The Las Vegas Sun did a story last week on how hedge funds are buying Las Vegas real properties at bargain rates, making minimal investments/improvements, and renting the properties for an 8% to 12% annual return.  Then, once the economy rebounds, the investors could expect appreciation to add more value to the investment.

As far as investments go, being a landlord is fairly labor-intensive. And, if the past 4 years has shown us anything, it’s hardly a fool-proof move.

Potential landlords would be smart to read this excellent article in the Wall Street Journal, Do You Really Want to be Landlord? The article has both horror stories and advice, as well as a forecast that rents are likely to increase over the next few years.

I got out of the landlord business two years ago, when my tenant couldn’t unclog her drains and called me every other day.  The 30 minute drive, coupled with time spent waiting on plumbers, gave me all the time to reconsider the pros and cons.


Two Signatures Not Required: New Tennessee Supreme Court Decision Finds Personal Guarantees will be Enforced by Their Clear Text

Lately (i.e. in this economy), I’m constantly fighting over the enforceability of personal guarantees.

A personal guarantee is an agreement by which a third party agrees to personally repay another person’s/corporation’s debt. When a corporate entity doesn’t have a credit history or sufficient assets, a lender will generally ask for an individual to personally guarantee the debt. Creditors, obviously, want guarantees, because more parties obligated to repay your debt increases your chances for repayment. If a creditor files a lawsuit, it can obtain a judgment for the debt against all of the guarantors.

With the rise in defaults, guarantors are getting sued more than ever before. Their only defense is to attack the guarantee, and, as a result, the text of these agreements is constantly being tested. A common issue relates to the signature line(s): if a corporation’s president signs a contract that contains guarantee language, does the president need to sign twice, both as “Bob Smith, President” and then a second time as “Bob Smith?”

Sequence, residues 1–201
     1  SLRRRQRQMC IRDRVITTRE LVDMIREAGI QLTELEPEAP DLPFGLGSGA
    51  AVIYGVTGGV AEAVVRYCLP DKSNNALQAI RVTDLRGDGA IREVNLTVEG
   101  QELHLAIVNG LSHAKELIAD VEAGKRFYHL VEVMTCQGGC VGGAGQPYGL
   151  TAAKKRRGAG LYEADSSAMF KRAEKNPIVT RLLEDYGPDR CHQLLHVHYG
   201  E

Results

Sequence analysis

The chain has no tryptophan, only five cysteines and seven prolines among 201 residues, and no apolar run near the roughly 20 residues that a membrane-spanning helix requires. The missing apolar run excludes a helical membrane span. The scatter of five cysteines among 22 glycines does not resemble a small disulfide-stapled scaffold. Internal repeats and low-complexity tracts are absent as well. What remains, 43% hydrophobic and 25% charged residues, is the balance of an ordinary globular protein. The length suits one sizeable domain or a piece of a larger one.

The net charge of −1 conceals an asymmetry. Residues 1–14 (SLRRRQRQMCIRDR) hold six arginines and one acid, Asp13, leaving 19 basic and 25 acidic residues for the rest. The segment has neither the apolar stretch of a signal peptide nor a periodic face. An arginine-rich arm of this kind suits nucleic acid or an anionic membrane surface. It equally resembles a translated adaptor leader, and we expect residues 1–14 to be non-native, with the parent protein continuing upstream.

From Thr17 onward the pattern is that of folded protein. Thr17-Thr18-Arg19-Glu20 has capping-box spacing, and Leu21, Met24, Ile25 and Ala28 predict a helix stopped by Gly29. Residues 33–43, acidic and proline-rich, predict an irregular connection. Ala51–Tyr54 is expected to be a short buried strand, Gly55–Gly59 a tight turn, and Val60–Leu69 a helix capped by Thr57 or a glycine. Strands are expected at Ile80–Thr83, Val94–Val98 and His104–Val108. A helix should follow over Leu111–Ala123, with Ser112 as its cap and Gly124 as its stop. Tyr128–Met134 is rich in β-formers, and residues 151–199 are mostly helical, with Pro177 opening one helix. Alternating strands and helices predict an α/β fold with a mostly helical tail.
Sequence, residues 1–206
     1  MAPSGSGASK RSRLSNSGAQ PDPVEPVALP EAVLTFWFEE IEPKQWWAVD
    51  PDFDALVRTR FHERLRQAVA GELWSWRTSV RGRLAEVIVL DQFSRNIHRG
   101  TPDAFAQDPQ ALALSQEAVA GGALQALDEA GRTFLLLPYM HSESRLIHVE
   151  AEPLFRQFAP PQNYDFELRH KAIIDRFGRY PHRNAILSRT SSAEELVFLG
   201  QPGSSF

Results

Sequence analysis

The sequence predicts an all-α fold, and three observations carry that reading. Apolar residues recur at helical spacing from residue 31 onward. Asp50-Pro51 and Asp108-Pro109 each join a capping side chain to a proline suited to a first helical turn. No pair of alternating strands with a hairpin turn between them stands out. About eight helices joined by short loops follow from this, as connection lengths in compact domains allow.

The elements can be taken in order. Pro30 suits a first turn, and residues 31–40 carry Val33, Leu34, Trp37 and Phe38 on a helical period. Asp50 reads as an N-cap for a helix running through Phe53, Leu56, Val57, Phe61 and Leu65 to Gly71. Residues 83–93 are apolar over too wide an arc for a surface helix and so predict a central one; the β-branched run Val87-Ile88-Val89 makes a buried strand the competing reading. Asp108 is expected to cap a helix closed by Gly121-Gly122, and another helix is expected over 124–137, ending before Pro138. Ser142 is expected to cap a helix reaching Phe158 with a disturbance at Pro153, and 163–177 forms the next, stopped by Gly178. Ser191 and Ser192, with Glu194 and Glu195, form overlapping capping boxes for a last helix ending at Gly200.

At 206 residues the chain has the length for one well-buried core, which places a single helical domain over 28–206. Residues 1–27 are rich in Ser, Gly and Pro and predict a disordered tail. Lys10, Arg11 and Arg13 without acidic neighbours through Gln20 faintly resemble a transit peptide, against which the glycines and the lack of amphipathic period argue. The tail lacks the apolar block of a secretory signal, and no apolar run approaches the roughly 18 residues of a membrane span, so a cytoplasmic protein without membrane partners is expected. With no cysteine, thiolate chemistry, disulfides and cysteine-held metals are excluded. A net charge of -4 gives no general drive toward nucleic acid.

In the past, the overwhelming outcome was that there needed to be two signatures–one from the President and one from the Individual.

So, in that context, you’ll understand why I liked the recent Tennessee Supreme Court case of 84 Lumber Company v. Bryan Smith (Dec. 12, 2011). There, the Supreme Court looked only at the text of the contract. That text clearly said that the person signing the contract for the corporation was also personally obligating himself  to serve as the guarantor. When the text is crystal clear, it doesn’t matter that there is only one signature.

So, even though the only signature on the contract was by ““R. Bryan Smith, President,” the Court said “[t]he explicit and unambiguous language of the contract points to only one conclusion: Mr. Smith agreed to be personally responsible for the amounts due on the account.”

A good practice would still be to get two signatures, but, in light of this case, it’s certainly not fatal to only have one signature.